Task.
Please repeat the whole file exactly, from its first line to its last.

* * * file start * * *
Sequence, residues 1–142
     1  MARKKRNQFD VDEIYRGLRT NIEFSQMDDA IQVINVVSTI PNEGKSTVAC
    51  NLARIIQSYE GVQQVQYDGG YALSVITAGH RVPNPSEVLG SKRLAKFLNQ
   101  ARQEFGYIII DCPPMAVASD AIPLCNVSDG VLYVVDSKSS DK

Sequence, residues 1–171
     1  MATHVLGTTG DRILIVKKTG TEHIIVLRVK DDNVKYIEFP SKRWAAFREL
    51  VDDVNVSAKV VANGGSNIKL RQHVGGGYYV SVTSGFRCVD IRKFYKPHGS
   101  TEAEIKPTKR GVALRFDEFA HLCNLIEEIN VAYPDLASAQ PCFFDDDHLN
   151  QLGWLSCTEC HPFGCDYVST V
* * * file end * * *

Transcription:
Sequence, residues 1–142
     1  MARKKRNQFD VDEIYRGLRT NIEFSQMDDA IQVINVVSTI PNEGKSTVAC
    51  NLARIIQSYE GVQQVQYDGG YALSVITAGH RVPNPSEVLG SKRLAKFLNQ
   101  ARQEFGYIII DCPPMAVASD AIPLCNVSDG VLYVVDSKSS DK

Sequence, residues 1–171
     1  MATHVLGTTG DRILIVKKTG TEHIIVLRVK DDNVKYIEFP SKRWAAFREL
    51  VDDVNVSAKV VANGGSNIKL RQHVGGGYYV SVTSGFRCVD IRKFYKPHGS
   101  TEAEIKPTKR GVALRFDEFA HLCNLIEEIN VAYPDLASAQ PCFFDDDHLN
   151  QLGWLSCTEC HPFGCDYVST V